Campaign to tackle Norfolk’s teacher recruitment crisis officially launched

Andy Wood speaks at the launch of the Educate Norfolk campaign

Andy Wood speaks at the launch of the Educate Norfolk campaign - Credit: Archant

School, business and council leaders have joined forces to officially launch a campaign to tackle the teacher recruitment crisis that is affecting attempts to improve education in Norfolk.

The Educate Norfolk initiative, which aims to attract more teachers to the county by promoting the benefits of living and working in Norfolk, was created by heads after it became clear many were finding it difficult to attract high-quality candidates to fill vacancies at their schools.

Andy Wood, chief executive of Adnams, and chairman of the skills board for the New Anglia LEP, said yesterday's launch at the Hethel Engineering Centre was about 'the economic opportunity that exist in Norfolk'.

He said: '[Educate Norfolk] is a bottom-up approach from headteachers, for headteachers, supported by Norfolk County Council. It's about you guys saying 'we see a need, we think it's important, we need to change it'.'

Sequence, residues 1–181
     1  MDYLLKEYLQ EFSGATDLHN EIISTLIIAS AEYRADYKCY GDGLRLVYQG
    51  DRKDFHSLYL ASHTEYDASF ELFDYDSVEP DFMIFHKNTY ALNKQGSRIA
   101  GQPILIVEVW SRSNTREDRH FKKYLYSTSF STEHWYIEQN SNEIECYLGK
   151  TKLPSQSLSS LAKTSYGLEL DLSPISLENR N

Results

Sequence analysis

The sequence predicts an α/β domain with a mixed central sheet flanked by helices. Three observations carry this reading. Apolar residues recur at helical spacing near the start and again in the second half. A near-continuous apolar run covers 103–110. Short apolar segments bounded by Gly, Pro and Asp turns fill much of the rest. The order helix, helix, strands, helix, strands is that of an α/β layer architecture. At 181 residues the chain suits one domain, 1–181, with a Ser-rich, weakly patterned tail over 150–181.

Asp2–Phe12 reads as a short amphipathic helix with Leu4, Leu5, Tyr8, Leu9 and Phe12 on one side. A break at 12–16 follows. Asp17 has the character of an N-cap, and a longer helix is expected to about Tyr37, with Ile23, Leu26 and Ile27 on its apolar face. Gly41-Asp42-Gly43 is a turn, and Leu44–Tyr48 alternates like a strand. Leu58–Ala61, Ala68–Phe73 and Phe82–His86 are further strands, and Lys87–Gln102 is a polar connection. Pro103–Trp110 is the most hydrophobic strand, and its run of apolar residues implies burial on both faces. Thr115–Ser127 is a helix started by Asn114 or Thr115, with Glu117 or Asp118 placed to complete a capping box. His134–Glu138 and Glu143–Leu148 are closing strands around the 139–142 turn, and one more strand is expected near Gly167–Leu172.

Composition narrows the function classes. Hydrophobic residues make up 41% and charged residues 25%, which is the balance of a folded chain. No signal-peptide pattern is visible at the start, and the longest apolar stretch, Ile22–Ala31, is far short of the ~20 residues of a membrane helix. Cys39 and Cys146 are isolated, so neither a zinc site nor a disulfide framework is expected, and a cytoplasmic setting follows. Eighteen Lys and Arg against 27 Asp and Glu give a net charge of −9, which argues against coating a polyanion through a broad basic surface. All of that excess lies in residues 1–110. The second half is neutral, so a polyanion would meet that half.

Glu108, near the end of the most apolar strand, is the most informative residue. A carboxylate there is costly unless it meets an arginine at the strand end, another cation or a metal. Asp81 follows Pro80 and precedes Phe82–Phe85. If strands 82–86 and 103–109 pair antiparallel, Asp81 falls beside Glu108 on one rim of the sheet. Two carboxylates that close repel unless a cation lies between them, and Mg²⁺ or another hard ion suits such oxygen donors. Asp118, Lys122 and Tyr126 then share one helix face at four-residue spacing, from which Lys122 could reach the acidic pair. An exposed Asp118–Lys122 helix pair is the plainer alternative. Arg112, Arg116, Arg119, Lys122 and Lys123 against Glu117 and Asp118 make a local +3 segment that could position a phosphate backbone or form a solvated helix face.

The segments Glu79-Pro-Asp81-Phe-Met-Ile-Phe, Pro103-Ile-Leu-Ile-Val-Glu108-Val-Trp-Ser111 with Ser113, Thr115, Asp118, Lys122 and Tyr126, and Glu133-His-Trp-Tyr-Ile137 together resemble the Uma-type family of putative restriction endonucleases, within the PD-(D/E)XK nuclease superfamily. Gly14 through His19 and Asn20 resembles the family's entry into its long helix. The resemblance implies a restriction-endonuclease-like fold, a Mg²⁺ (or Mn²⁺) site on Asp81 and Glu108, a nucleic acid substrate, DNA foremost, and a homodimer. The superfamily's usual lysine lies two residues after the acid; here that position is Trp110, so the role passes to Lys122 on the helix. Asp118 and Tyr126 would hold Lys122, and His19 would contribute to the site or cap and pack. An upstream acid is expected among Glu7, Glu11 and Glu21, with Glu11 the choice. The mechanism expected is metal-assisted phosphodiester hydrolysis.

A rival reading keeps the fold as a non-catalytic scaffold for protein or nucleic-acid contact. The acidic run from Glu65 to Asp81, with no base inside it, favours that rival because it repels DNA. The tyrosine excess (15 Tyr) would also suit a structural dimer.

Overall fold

The strategy has three aims:

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• To show Norfolk as a 'vibrant, stimulating, ambitious, beautiful and safe place to work and live'.

• Give young people access to 'inspirational, highly-motivated, aspirational teachers and leaders'.

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• Increase the number of high-quality teachers and leaders available to work in Norfolk.

The initiative includes sending Norfolk heads to teacher recruitment fairs to sell the benefits of moving to the county, a template for schools to agree interest-free loans for new teachers, and encouraging existing teachers to remain in the profession with improved continuing professional development. It also aims to tempt former teachers back into the classroom, and Simon Fox, principal of Flegg High School, said: 'We are saying to people who have fallen out of the profession, 'come back. There are new opportunities and developments'. We need to make the most use of that amazing resource that is out there.'

He added: 'We really believe more people should be excited about coming to Norfolk. We know it's not just a great place to teach; it's a great place to live and work.

'More people need to know that, and how forward-thinking a part of the country it is in many ways.'

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